A deliciously scandalous and controversial comedy that still shocks today
Just one viewing of “Red-Headed Woman” is enough to make those who think “old” movies are corny or passé think again. Its bold story of a scheming, home-wrecking gold-digger still carries the power to shock. Crisp direction by Jack Conway, snappy dialogue by Anita Loos, and an infectiously magnificent performance by leading lady Jean Harlow are all handled with such know-how and finesse, the film becomes one irresistible joyride. Outrageously racy and filled with humor in a completely arresting manner, it treads a fine line between egregious morals and comedic levity. When I recently watched this film with my father (who always falls asleep in front of the TV these days), he stayed enthusiastically awake for the entire film - which is honest-to-goodness proof of “Red-Headed Woman’s” power to entertain.
The film’s salaciously fun story centers around “Lillian” (also called “Lil" and “Red”), a sexy redhead from the wrong side of the tracks who wants to join the big leagues. She will stop at nothing to be part of high society, and has her sights set on her good-looking and wealthy boss “Bill Legendre, Jr.”, who incidentally happens to be married. The film opens with three quick, audaciously funny vignettes of “Lil”, which were written into the film after a test audience failed to realize the film was a comedy until halfway through. These chucklesome tidbits let us know from the get-go that this is a film to laugh at, starring one brazen gal. They are followed by a scene at a soda fountain where “Lil” explains to her friend “Sally” that she swiped “Bill’s” mail and is going to his home to deliver it to him personally. Played with comedic effect, their banter brilliantly sets up the film’s plot while maintaining its tone:
“Lil”: “Maybe I’ll get a chance to stay and take dictation.”
“Sally”: “What will that get you?”
“Lil”: “Don’t be dumb. His wife’s in Cleveland.”
“Sally”: “Say, Bill Legendre’s crazy about his wife.”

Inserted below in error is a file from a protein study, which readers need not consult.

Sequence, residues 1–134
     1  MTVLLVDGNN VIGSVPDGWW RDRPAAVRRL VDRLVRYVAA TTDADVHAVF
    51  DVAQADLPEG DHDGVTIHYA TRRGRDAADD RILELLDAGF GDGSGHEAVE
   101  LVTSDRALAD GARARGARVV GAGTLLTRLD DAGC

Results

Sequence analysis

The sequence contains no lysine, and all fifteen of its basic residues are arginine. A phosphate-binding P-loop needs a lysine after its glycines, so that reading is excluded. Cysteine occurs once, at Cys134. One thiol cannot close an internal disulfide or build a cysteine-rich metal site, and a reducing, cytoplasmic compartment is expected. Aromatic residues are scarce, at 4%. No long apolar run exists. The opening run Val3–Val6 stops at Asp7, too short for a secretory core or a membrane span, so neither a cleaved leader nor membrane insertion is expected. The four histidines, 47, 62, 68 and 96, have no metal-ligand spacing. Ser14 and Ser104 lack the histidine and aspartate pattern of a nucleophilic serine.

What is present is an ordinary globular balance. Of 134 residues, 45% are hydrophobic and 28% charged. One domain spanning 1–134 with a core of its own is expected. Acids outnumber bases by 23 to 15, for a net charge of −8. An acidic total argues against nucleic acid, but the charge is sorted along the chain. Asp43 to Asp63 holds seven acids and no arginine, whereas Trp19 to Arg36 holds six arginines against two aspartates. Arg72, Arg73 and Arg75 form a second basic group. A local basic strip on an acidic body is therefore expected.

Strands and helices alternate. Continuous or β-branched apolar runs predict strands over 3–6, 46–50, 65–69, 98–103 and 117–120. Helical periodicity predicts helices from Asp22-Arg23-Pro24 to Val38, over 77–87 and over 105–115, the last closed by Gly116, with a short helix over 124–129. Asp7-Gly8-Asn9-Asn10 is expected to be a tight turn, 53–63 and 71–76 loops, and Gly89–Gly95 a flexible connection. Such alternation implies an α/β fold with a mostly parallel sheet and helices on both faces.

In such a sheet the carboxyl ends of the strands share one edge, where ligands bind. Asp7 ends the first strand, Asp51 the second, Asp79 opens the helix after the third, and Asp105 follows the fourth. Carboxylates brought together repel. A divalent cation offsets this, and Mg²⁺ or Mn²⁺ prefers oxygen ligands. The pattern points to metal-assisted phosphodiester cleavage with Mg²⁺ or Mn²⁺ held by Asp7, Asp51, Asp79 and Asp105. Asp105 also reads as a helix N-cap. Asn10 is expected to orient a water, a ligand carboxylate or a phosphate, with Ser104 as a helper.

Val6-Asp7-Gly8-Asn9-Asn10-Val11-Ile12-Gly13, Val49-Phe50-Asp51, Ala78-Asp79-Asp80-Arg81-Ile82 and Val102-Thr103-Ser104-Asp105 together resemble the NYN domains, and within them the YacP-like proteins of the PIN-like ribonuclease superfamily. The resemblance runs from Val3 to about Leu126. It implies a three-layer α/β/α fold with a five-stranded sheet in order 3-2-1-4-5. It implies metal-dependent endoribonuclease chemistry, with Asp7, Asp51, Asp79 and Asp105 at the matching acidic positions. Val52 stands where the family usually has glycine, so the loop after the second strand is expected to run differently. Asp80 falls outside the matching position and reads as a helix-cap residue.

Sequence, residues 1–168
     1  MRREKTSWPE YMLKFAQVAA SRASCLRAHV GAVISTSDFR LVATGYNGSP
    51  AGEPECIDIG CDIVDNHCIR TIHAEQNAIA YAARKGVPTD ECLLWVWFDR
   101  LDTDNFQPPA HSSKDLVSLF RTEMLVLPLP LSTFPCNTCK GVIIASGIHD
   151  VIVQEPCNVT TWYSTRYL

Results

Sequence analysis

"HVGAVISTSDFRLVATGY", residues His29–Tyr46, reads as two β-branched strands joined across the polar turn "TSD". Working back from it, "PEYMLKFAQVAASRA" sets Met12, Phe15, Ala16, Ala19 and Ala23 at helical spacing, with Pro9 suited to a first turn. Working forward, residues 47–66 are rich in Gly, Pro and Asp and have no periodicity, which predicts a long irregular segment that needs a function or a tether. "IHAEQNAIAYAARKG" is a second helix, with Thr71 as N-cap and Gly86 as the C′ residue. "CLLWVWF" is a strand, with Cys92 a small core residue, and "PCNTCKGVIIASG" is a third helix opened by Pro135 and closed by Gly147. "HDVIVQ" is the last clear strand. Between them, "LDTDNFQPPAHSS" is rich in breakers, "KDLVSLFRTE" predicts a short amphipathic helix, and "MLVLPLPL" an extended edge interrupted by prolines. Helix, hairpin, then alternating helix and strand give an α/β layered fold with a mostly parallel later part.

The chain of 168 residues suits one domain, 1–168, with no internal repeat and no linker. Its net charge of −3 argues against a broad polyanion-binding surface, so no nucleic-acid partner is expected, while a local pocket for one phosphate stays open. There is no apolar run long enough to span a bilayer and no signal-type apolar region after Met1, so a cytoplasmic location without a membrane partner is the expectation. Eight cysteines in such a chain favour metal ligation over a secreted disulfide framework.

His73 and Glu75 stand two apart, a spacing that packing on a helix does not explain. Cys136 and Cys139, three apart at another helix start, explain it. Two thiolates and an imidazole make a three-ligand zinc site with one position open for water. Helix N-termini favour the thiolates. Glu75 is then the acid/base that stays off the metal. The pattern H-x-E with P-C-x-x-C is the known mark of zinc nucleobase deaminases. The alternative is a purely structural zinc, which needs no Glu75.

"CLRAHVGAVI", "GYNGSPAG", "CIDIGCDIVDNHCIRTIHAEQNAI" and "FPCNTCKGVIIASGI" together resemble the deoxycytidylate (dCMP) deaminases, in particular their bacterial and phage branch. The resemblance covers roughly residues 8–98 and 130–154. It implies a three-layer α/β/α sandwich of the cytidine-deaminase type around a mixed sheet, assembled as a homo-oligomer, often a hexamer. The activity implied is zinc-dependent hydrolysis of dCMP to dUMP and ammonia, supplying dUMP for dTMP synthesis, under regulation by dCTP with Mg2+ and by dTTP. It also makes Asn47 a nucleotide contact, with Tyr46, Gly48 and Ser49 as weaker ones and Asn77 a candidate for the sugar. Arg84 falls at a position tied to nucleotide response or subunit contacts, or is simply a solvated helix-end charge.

“Lil”: “Well he’s a man isn’t he?”
That’s all you really need to know of the story before watching, because from there the film is filled with surprises, none of which I want to spoil.
“Red-Headed Woman” was made during the years from 1929 until mid 1934, which became known as the Pre-Code period. Films made during these years reflected a changing America. As the ideals and values of the Victorian Era were quickly fading into history books, it became a time of jazz bands, independent women, prohibition, gangsters, flappers, and modern dance crazes - all under the shadow of the Great Depression. Pre-Code films depicted real life with all its sex, violence, and often unfair ways. The gangster film genre evolved and flourished during this period, as did films focusing on strong, sexually free women. It’s no wonder that many of the top movie stars at the time were sexually charged women, including Harlow, Greta Garbo, Marlene Dietrich, Mae West, and Joan Crawford. “Red-Headed Woman” is a prime example of a Pre-Code film, as “Lil” is a strong woman who knows what she wants, enjoys sex and uses it to her advantage. Many Pre-Code films caused outrage and controversy in their day, and many were censored in several states (who individually cut out parts they deemed problematic or immoral). As seen in the book, “Letters from Hollywood”, a letter dated June 22, 1932 to Jason Joy (the head of the Studio Relations Committee in Hollywood), from Mrs. Alonzo Richardson (a member of the Better Films Committee) calls Harlow a “hussy”, tells how “Red-Headed Woman” has personally shaken her faith in humanity, and states, “Miss Harlow’s repeated ‘isn’t he a man?’ I think one of the filthiest things I have ever heard on the screen!”. Oh how times change. “Red-Headed Woman” was even banned in the UK (although King George V reportedly personally owned a copy). With a push for full-on censorship (mostly by religious groups - in particular the Catholic Legion of Decency), the film industry chose to self-censor rather than face outside or government censorship, and thus The Code (The Motion Picture Production Code) was refined and enforced on July 1, 1934. For approximately the next thirty years, on-screen sex would only be hinted at and reserved solely for married couples, women would lose their sexuality, and all characters who displayed bad behavior would need to end up paying for it dearly. So along with being highly entertaining, there’s an innocence, provocative honesty, and freedom to Pre-Code movies that we don’t ever see again in classic Hollywood films.
Metro-Goldwyn-Mayer Studios (MGM) acquired the rights to the 1931 novel, “Red-Headed Woman” by Katharine Brush, and employed F. Scott Fitzgerald to adapt the book into a screenplay. Feeling his script and the story in general needed comedy, MGM's head of production, Irving Thalberg fired Fitzgerald and hired screenwriter Anita Loos. With her flair for witty, snappy dialogue, Loos was able to take this sordid story and reframe it as shamelessly funny.